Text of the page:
Bludworth Marine LLC
The Gulf of Mexico is a hub of shipping activity year-round, and once ships start to age, repair and maintenance needs are almost continuous. “We do both shipyard and topside repairs,” CEO and owner Richard Bludworth says. “We go wherever vessels are. Fifty percent of our maintenance work is at remote repair sites where we have to mobilize equipment and tools to do the job, get it completed and bring everything back.”
Bludworth Marine LLC is not building any new boats or barges at the moment, so vessel repair and maintenance is all of the company’s business right now. It offers 24-hour emergency repair services for ships and inland/offshore tugs and barges. “The vessels are moving from port to port on a continuous basis,” Bludworth points out. “A lot of the time, they have repairs that need to be done, and they may only have 12 hours in a port. So we dispatch a crew to take care of that, and then when the vessel is ready to sail, we get off and it keeps going.”
The company has some locations that it uses frequently for such regular or emergency onsite maintenance, including the city docks at Corpus Christi, Freeport, Houston, Galveston, Port Arthur and Orange, Texas. Often, maintenance is performed at a loading or discharge berth, or even when ships are anchored. The usual tasks include machinery repairs or replacement of equipment or steel and piping repairs, some of which Bludworth Marine fabricates itself.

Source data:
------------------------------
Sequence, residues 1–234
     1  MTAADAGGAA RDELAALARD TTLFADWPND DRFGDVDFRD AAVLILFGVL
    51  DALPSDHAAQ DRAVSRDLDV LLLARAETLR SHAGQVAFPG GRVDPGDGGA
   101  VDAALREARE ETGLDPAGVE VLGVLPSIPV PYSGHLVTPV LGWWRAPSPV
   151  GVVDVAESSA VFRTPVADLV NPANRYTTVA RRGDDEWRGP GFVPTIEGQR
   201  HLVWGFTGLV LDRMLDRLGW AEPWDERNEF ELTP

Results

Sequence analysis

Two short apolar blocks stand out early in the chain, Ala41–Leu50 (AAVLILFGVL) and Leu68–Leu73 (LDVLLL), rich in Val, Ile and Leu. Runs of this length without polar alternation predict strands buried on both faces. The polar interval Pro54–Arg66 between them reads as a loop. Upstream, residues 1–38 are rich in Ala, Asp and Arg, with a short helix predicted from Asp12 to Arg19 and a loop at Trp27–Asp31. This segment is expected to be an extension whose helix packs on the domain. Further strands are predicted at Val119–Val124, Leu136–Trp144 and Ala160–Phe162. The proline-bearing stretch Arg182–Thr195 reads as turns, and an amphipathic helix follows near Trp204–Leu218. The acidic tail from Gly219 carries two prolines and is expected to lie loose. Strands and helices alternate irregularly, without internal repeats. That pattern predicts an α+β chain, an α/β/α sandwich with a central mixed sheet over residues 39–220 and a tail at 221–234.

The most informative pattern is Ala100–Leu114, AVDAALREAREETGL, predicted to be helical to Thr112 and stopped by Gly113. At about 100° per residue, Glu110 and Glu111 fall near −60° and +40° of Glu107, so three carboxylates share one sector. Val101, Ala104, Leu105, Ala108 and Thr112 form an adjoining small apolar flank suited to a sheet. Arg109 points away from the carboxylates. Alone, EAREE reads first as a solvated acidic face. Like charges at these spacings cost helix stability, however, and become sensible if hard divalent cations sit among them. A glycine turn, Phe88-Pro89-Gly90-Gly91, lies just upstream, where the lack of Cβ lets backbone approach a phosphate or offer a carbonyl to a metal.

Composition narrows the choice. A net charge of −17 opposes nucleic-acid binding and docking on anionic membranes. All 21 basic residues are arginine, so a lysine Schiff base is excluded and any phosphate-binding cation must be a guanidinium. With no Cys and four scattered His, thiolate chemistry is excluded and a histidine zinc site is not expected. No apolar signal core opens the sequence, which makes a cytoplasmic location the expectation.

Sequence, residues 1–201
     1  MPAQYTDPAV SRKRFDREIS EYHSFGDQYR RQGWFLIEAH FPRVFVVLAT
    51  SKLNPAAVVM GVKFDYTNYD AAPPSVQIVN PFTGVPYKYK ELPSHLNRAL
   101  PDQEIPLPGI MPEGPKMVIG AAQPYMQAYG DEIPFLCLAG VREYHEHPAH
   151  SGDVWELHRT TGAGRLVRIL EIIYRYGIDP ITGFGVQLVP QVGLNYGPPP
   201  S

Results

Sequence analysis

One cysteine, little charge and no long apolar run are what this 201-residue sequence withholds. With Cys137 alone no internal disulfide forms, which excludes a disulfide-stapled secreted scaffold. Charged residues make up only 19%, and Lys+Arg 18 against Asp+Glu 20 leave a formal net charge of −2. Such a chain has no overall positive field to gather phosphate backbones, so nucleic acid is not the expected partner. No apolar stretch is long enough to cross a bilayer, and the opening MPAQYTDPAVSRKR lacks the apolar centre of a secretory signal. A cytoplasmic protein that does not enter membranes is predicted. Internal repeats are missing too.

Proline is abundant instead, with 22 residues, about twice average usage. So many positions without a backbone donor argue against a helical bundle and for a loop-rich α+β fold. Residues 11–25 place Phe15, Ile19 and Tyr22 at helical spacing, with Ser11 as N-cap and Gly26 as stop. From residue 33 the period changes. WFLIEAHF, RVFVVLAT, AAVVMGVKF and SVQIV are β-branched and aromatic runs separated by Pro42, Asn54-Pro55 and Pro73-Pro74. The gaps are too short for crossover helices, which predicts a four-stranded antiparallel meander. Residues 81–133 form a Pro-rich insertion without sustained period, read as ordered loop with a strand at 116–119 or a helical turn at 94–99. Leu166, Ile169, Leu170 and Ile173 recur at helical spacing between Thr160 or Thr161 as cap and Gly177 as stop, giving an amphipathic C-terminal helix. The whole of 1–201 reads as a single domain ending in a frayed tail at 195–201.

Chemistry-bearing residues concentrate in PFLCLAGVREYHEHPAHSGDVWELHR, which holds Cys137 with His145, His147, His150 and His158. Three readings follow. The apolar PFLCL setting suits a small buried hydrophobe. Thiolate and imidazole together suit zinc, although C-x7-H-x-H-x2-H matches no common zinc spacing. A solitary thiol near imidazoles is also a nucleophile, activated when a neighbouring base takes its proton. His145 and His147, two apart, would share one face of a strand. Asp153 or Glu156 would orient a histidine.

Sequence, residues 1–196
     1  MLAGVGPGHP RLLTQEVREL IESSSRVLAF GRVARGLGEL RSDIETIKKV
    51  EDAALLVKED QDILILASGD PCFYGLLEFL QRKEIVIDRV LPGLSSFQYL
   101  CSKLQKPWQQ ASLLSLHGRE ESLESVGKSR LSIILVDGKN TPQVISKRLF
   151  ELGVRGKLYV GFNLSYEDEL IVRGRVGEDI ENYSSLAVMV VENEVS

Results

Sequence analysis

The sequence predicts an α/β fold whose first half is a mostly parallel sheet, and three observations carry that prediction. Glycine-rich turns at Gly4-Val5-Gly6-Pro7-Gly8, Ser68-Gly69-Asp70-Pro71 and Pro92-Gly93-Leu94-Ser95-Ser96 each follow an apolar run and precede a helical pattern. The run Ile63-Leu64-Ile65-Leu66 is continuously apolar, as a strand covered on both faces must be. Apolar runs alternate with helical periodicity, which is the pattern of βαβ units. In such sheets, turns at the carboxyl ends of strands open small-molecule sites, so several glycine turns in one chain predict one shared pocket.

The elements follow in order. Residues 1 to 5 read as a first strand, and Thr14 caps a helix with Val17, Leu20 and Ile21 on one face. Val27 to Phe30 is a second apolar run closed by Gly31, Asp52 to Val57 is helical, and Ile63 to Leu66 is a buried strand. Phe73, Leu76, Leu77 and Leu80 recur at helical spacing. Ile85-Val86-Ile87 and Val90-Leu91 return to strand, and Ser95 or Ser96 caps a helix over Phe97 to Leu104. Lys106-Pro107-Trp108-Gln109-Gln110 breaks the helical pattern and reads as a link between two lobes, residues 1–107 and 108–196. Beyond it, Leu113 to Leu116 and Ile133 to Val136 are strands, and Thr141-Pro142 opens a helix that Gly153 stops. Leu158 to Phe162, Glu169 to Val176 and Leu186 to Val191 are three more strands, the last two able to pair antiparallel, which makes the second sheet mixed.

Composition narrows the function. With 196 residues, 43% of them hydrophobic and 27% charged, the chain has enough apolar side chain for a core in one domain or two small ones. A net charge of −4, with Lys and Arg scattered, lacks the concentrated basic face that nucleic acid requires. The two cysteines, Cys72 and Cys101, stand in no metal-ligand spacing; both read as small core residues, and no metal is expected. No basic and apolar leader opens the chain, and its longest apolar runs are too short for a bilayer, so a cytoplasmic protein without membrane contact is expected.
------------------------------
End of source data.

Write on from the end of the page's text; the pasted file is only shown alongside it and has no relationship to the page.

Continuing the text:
“We have also sent riding crews to South America and Nova Scotia,” Bludworth notes. “They stay on the vessel and work on it while it’s sailing, and then get off at a different port somewhere else. We do it on a fairly regular basis. We work whenever and wherever the customer has a need.”
A Small City
Logistics are challenging for Bludworth Marine. “If you stop and think about it, a ship has every system that a small city has,” Bludworth muses. “We get into plumbing, electrical, air conditioning, heating, ventilation, sewage – everything. When you’re doing so much work in so many varied locations, you’ve got to constantly be aware of your scheduling, materials and equipment, and to make sure it gets where it’s going and gets back when it is finished.”
To help achieve this, the company has standardized many of its equipment requirements. “We have everything prepackaged, so we can just grab a couple of boxes and go,” Bludworth says. Getting materials to such a variety of locations also is a challenge.
“We’ve got an extremely wide and diversified vendor base that we partner with on just about every job,” he says.
Most of Bludworth Marine’s business is along the Gulf Coast. The company’s Houston headquarters is nearly 20,000 square feet, of which approximately 15,000 square feet is the fabrication plant. The company also has two shipyards in Galveston and two in Orange that vary in size from less than an acre at both shipyards in Galveston to 10 acres at one of the shipyards in Orange.